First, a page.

MRK: You have described your 3D forms as “artifacts liberated from the physical plane”. Do you sense a linear progression between the “wireframe interpretation” of the mural grayscale lines, the layered paintings, then the sculptural forms?
AE: Absolutely. For the San Jose ICA show, Iterations & Assertions, the diptych, Variation: Apparent Reflectional Symmetry, Parts I & II, was conceived first. Everything else keys into that piece. The mural was designed shortly after the diptych. It is essentially a wire-frame version of the diptych, for which I went back into the files for the paintings, selected shapes and outlined them, removing all of the high-key color and using only warm and cool grey tones. The mural isn’t inclusive of every shape in the painting. I see it as a suggestion, a diagram or a map. I’ve never done a mural until now, so a big part of the process was figuring out a means of production. We used vinyl masking to paint the mural, in five complete and separate layers; every little glitchy pixel is captured in the image, whereas the in my paintings, the imagery is more refined by the hand.I knew I wanted to make a sculptural piece. Again, so much of the process was determining how these fragments would be made. I carved forms out of styrofoam, keeping them similar to the forms in the paintings. I had silicone molds made, and my assistant and I did all of the encaustic casting in the studio.
The mural was produced on-site. The diptych took many months to complete, and all the while, we were also casting forms for Variation: Artifacts. The smaller pieces in the exhibition were completed during the final months of production.
For many years I have created groups of closely related paintings for exhibitions. Until now, the progression was more literal in a sense. For this show, I wanted to tease out particular qualities, elements, characteristics in a more fragmented way. The diptych is the “mothership.” Everything else relates to it, but in a more exploratory way. As the work progressed, I felt that a creative cosmology of sorts was developing. In a sense, one could deduce that anything in the room might be the seed of the large diptych. One might conclude that the diptych is the ultimate crescendo, all of the pieces coming together. But in fact, Variation: Apparent Reflectional Symmetry, Parts I & II is the beginning point; everything else is a deconstruction of that piece.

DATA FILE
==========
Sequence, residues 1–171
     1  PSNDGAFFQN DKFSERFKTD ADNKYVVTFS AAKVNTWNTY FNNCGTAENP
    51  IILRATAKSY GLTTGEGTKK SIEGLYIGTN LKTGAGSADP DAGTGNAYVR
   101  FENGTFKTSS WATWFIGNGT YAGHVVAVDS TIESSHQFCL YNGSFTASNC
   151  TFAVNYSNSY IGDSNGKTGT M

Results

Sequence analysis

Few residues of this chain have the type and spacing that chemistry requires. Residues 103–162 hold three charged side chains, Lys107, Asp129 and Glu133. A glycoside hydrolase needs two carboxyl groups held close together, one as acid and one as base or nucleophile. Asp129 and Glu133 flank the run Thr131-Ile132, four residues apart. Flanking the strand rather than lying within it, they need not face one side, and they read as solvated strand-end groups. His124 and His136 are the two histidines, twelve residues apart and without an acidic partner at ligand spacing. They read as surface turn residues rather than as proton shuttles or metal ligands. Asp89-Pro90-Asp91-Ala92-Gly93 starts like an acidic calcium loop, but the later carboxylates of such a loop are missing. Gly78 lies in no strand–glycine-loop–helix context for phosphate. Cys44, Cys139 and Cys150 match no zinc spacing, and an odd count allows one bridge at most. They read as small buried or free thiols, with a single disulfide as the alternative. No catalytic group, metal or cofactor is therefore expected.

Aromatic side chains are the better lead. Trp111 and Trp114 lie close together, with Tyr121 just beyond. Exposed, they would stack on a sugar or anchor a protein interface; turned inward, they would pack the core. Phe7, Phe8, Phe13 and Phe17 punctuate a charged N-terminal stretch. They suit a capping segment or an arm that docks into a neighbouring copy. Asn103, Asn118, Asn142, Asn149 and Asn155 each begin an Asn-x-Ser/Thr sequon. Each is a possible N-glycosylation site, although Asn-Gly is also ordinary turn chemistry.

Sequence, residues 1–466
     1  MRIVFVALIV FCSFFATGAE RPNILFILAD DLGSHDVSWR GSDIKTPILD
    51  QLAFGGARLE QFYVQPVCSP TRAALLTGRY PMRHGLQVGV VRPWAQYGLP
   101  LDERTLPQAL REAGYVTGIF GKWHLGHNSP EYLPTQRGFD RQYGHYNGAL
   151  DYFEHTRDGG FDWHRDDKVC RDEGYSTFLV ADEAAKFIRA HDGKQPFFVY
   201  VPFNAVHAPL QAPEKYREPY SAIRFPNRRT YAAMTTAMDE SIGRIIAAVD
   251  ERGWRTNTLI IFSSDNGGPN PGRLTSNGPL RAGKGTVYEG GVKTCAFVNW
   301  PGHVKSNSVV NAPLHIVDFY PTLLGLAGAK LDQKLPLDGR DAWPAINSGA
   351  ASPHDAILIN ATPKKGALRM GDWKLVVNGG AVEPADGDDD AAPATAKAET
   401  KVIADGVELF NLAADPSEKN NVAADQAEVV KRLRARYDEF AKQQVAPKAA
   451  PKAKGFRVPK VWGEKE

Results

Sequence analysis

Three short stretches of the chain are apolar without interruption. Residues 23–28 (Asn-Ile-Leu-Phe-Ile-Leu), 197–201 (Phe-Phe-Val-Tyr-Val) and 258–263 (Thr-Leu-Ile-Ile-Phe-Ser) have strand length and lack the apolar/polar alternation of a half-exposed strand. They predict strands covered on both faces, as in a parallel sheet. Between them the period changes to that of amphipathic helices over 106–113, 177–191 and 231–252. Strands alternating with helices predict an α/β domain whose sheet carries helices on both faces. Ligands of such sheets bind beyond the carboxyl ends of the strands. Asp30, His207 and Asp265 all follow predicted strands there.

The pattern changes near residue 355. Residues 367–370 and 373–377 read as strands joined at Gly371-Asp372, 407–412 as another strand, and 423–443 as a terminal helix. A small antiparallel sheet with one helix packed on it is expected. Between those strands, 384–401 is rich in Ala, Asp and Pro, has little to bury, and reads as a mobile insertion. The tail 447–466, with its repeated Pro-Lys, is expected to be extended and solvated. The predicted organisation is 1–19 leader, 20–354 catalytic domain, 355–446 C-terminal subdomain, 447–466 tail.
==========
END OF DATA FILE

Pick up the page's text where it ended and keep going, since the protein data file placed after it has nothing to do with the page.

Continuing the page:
MRK: You’ve explained that you have work that is based on what you’ve termed a “hermetic” language. Does that refer to each series or to your works as a whole?
AE: It refers to the whole of my work. Most of the forms and shapes appear again and again. The language of forms was initially rendered in Illustrator. It is a very simple vocabulary: straight lines, curved lines, an oblong form, as well as the repetition of these forms into grids. In earlier works, the geometry was quite intact. Recently, it is all but lost. But the DNA of the work never changes. It merely manifests in different ways.The basic forms are further manipulated in Photoshop. They are stretched, nudged, pulled, scaled, etc. Sections are erased. Pixels are added or subtracted, shapes are outlined, etc. When I arrive at something interesting, I will often use it dozens of times, in many paintings, over a period of years. At a certain point, I began to feel that these forms took on a larger presence: they have become personal gestures in a strange way, even though they were originally conceived via keystrokes rather than the hand. There are many procedural steps and points of translation between the digital rendering and the final painting. There are varying degrees of both digital and material mediation, throughout the labor-intensive process of making a painting. I feel that the imagery is imbued with some power along the way, via the investment of time, attention and physical energy, belying the humble beginnings of the digital imagery.
So, the language is hermetic, in that it is essentially and absolutely a self-referential system, with each part of the image related to every other part of the image in a very literal way. Further, it has become very personal and idiosyncratic, even though the means of devising it is seemingly impersonal.
MRK: Do you consider sets of works to be worlds unto themselves, or are they pieces of a larger abstract world that you are constructing?